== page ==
Health activists are lobbying the Supreme Court of Appeal to consider the broader issue of the constitutional right to health when it weighs up commercial interests in a legal fight between two pharmaceutical companies next month.
The battle is over the patent for a blockbuster cancer drug.
Local generics company Cipla Medpro and Aventis Pharma, a subsidiary of French pharmaceutical firm Sanofi Aventis, are tussling over Aventis’s patent on docetaxel, which Cipla maintains is invalid. The drug is Aventis’s biggest oncology product in SA and global sales in 2010 topped €2bn, according to court papers.
It is also an important drug for Cipla, which last year announced plans to move into the oncology market. The drug is used to treat a range of cancers, including prostate and breast cancer, and Kaposi’s sarcoma.
While legal tussles between generic drug makers and the companies that own the patents are fairly common, this case could have wider legal implications for patients’ access to medicines, says Umunyana Rugege, an attorney with lobby group Section 27.
The organisation is representing the Treatment Action Campaign (TAC) in an application to be admitted as a friend of the court when the matter is heard.
"Our argument is that the court should take into account certain public interest issues, including the right to health guaranteed in the constitution. It should consider public access to medicines, whether or not it is a life-saving drug, and if there is need for the law to be developed to take this into account," Ms Rugege said on Friday.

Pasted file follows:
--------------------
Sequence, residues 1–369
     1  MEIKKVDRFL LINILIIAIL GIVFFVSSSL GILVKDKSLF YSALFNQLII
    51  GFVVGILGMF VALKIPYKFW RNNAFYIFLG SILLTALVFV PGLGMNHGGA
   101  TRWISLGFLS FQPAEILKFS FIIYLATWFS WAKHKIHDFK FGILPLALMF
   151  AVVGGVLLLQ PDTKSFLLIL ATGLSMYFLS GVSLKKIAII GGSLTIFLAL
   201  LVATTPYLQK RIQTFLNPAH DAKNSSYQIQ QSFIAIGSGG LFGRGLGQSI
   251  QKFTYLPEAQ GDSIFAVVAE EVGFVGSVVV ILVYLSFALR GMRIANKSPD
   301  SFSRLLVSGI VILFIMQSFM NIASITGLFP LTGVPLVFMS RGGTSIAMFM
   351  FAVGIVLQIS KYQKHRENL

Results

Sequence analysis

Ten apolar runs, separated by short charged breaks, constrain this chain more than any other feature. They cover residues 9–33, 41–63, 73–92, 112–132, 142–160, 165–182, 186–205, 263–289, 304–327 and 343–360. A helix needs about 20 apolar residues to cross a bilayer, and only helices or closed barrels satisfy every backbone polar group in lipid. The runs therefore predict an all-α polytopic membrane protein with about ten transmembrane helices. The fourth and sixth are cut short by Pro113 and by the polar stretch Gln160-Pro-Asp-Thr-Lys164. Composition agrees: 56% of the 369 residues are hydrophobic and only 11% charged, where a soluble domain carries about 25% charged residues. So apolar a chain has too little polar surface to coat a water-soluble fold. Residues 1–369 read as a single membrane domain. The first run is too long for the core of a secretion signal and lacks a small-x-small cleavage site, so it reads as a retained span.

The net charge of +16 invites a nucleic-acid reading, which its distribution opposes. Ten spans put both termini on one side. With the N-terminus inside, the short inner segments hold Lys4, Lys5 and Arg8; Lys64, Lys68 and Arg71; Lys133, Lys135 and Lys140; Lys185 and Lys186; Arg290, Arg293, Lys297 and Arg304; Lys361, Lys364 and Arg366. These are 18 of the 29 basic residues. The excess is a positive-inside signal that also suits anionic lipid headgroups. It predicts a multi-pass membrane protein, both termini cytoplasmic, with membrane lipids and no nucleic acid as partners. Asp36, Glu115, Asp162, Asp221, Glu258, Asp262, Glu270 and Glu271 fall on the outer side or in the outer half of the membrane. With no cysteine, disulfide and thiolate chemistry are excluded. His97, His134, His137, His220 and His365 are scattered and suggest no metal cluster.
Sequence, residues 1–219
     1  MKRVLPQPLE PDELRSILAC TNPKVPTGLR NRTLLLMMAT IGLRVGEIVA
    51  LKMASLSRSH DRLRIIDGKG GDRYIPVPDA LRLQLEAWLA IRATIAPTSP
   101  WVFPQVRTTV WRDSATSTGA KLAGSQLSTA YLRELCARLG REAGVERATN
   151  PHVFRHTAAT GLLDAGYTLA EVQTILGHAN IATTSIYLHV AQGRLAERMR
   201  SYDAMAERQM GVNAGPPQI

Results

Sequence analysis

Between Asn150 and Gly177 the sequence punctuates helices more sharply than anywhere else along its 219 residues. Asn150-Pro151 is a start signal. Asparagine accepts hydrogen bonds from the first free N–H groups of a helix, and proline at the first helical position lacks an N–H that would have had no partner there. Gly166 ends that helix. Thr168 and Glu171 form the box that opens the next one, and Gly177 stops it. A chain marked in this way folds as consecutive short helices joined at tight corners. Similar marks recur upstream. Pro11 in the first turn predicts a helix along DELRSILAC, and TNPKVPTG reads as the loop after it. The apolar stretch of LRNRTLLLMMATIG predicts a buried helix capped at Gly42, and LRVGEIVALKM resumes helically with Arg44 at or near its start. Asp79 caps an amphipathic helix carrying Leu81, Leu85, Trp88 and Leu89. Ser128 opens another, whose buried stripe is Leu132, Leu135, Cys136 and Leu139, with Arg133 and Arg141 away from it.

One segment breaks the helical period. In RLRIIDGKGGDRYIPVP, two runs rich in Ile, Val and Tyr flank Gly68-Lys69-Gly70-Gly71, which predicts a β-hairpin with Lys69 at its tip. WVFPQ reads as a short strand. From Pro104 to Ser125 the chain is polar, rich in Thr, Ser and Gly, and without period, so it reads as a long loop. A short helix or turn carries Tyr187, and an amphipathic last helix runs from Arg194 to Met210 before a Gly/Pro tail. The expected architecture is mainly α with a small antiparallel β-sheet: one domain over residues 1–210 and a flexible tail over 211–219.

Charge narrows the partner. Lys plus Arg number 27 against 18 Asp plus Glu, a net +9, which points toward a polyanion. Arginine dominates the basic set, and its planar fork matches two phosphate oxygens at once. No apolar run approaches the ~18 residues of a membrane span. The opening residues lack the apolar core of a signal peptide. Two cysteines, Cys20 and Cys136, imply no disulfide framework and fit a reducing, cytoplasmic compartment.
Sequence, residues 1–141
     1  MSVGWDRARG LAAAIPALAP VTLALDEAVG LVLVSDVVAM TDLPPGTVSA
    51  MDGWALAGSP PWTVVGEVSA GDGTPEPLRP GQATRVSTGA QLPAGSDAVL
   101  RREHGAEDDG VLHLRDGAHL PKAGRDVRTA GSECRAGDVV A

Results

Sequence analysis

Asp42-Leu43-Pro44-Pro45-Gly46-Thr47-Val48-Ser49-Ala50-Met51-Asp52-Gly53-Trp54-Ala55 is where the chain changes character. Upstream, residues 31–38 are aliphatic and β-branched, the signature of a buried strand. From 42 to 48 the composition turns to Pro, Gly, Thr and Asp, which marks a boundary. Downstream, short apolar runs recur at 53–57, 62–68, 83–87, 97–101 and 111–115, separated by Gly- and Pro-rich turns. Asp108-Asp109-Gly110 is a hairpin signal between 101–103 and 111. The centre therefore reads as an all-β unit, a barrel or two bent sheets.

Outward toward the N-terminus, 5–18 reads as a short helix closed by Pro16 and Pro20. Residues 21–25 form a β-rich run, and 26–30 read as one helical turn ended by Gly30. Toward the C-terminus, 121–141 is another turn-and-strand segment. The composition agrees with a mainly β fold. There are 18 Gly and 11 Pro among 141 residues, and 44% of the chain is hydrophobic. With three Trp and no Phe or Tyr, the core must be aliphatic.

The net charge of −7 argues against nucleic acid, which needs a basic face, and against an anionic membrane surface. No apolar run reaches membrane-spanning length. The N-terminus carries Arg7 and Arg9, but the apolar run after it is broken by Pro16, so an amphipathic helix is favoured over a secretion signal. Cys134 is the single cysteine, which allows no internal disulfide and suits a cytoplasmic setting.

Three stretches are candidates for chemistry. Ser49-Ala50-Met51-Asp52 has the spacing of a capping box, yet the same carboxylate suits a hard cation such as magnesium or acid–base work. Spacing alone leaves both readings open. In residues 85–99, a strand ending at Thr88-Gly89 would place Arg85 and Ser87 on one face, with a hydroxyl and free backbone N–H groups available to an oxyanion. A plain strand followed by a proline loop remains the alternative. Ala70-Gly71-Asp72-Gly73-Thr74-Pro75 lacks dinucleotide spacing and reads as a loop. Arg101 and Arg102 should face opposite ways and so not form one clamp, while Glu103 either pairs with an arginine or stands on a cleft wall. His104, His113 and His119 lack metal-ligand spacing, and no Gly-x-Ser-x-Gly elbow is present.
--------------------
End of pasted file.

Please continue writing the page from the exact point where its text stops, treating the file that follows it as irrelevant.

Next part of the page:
Cipla sells its generic, Cipla Docetaxel, to the private sector at R1021 for 20mg and R3575 for 80mg. Aventis sells its brand, Taxotere, at R2092 for 20mg and R7693 for 80mg. It also sells its own generic, Docetere, at a price similar to Cipla’s.
The court will consider an appeal lodged by Sanofi after it failed to get the patents commissioner to interdict Cipla from selling its generic for patent infringement.
SA’s patent office does not examine the detail of patent applications, so it is up to interested parties to challenge their validity once they are registered. One way to challenge a patent is to launch a rival product, and leave it to the holder to take legal action. This is what happened in the case of docetaxel. Cipla considered Aventis’s patent to be invalid and launched its own version of the drug in January, Cipla medical director Nic de Jongh said. The patent in question expires in SA next year.
Aventis then asked the patents commissioner to interdict Cipla from selling the drug, arguing it had infringed its patent. The commissioner ruled on October 20 last year that Aventis’s patent was ambiguous and therefore unenforceable.
Aventis subsequently appealed to the court to have the ruling scrapped. The case will be heard on May 15.
Sanofi SA’s head of communications, Prudence Mahapa, said the company had no objection to the TAC being admitted as a friend of the court. "Sanofi has always been committed to endeavouring to ensure that as wide a section of patients as possible have access to (its) products and as such has been supplying Taxotere to the public sector at a price 33% below Cipla Docetaxel.
"The unit sales growth over the past four years has been exponential, confirming the commitment of Sanofi to make this drug available to all patients," she said.